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Landlord's Market

Regional Overview

  • The vacancy rate decreased during the last two quarters of 2016 from 11.8 to 11.4 percent.
  • Annual absorption totaled just under 1.0 million square feet and, while positive, was down from 2015’s annual total of 3.1 million.
  • Build-to-suit activity increased, while speculative projects were still in a holding pattern.
  • Asking rents increased by approximately $0.36 per-square-foot from the end of the second quarter to an average of $25.37 at year-end.
  • Investment sales volume was boosted by multiple portfolio transactions.

Q4 2016 Office Market IndicatorsThe regional office market had a solid, but not stellar performance in 2016. The vacancy rate decreased from the end of the second quarter, but ended the year at the same level as 2015. The largest lease deals were lateral moves within the market, renewals, or build-to-suit transactions that have not yet impacted absorption. There was stronger Class B absorption in a few submarkets but, overall, the flight to quality buildings was still prevalent. As the Class A supply continues to decrease, Class B buildings, particularly those that have been upgraded, are likely to have increased activity in 2017.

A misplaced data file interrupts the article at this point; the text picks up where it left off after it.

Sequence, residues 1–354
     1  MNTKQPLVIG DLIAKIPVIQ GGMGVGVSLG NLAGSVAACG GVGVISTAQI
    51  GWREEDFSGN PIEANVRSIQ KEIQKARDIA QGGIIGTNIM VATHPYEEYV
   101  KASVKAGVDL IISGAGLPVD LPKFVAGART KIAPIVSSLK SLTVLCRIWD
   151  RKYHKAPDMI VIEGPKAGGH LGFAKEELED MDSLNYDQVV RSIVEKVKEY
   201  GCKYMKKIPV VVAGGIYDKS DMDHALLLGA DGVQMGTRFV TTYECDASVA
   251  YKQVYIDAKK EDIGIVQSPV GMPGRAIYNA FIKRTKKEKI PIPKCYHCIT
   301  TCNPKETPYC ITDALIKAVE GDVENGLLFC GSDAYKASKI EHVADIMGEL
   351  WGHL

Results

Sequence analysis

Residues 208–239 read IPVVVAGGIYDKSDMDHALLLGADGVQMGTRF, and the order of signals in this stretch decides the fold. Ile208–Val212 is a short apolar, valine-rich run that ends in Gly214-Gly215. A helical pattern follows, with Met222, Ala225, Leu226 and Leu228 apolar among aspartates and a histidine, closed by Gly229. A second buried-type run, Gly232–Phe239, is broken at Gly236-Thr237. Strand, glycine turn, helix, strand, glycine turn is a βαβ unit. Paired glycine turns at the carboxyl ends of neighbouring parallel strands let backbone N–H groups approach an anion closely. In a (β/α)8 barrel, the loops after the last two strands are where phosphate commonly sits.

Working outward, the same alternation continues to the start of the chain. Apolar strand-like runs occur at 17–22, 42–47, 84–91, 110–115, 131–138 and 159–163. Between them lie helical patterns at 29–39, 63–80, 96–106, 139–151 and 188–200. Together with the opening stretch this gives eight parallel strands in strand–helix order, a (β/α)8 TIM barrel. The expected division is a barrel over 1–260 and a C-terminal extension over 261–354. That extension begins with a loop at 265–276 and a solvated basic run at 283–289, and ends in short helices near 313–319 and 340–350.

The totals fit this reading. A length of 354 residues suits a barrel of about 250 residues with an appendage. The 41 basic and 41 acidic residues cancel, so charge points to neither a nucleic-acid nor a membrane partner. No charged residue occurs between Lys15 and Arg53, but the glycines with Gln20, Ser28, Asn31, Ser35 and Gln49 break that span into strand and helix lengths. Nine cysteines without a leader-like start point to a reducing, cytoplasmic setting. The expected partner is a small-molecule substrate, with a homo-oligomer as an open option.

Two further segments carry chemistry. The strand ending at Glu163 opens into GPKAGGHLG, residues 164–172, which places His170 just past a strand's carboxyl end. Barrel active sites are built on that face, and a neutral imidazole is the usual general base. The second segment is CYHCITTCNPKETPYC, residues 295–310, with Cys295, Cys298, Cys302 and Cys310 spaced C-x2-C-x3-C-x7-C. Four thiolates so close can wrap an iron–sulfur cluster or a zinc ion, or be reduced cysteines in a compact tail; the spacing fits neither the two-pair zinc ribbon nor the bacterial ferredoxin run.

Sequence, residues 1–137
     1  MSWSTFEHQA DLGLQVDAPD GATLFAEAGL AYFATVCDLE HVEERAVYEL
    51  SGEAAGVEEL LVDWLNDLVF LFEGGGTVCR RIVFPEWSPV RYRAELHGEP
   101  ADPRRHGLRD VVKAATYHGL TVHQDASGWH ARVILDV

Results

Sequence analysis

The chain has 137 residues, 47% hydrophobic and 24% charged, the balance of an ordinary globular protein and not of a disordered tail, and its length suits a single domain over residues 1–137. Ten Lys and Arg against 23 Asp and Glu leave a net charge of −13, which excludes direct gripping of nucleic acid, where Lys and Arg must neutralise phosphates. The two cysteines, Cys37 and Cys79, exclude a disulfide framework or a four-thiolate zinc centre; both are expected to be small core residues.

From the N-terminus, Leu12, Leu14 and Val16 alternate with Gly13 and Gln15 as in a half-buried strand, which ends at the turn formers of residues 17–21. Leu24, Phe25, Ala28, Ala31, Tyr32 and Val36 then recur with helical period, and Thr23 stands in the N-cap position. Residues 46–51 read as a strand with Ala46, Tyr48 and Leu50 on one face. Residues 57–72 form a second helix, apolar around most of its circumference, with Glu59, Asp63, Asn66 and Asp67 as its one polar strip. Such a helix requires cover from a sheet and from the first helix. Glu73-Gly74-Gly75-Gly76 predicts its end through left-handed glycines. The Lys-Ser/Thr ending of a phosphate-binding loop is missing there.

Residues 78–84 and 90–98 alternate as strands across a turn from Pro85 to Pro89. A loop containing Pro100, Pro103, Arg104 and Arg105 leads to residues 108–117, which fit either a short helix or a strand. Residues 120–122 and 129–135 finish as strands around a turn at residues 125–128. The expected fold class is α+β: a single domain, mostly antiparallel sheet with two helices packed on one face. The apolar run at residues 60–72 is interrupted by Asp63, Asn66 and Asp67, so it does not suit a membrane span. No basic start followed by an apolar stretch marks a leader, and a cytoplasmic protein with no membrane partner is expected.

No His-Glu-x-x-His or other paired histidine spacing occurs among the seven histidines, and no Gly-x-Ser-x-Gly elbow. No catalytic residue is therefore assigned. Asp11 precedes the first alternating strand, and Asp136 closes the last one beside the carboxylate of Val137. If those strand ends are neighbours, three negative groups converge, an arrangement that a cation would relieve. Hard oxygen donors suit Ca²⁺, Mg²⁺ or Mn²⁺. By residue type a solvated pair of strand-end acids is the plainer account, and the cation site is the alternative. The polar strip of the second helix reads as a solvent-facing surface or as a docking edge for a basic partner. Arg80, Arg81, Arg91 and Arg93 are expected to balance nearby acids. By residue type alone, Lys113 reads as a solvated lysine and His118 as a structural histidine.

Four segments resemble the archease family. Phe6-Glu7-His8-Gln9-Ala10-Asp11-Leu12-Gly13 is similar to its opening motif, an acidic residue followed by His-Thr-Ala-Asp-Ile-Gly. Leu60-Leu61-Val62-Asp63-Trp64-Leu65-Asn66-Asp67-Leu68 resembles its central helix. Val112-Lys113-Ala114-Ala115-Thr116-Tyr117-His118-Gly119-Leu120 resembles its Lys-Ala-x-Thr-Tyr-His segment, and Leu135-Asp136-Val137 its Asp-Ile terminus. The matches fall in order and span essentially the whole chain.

Q4 2016 Office Supply Vacancy AbsorptionFree rent periods for deals have shortened and landlords are beginning to cap tenant improvement allowances. Despite the mediocre market performance, owners remain bullish and it has turned into a landlord’s market. >

In New Jersey, Liberty Property Trust broke ground on American Water’s 222,376-square-foot build-to-suit headquarters facility in Camden, joining Subaru’s 250,000 square feet, which was already underway. In Delaware, CSC’s 148,000-square-foot building is scheduled for 2Q 2017 completion, and Incyte has a 154,000-square-foot expansion to its headquarters underway. Build-to-suits for Highway to Health and the Franklin Mint Federal Credit Union were progressing in suburban Philadelphia.Q4 2016 Office Vacancy

Submarket Reviews

CBD Philadelphia

After increasing during the first six months of 2016, the vacancy rate decreased to 9.6 percent. Annual absorption lagged behind 2014 and 2015’s totals. The perception of a strengthening market has pushed lease negotiations in favor of the landlord. Rents increased during the last six months, while concessions tightened. Landlords are offsetting the rising construction costs for tenant improvements by requiring longer terms.

The outlook for the first quarter of 2017 is for a continued drop in vacancy. The delivery of renovated space at One Franklin Tower may increase vacancy during Q2. PMC Property Group and Lubert-Adler Real Estate will commence on the renovation of 2400 Market Street after landing Aramark as the lead tenant for the nine-story project. Oliver Tyrone Pulver is proposing a 840,000-square-foot tower at 1301 Market Street.

Suburban Pennsylvania

The Suburban Philadelphia office market ticked up slightly during the third and fourth quarters to 12.5 percent. However, the increase was minor and reflects the trend of tenants moving between and within submarkets without expanding.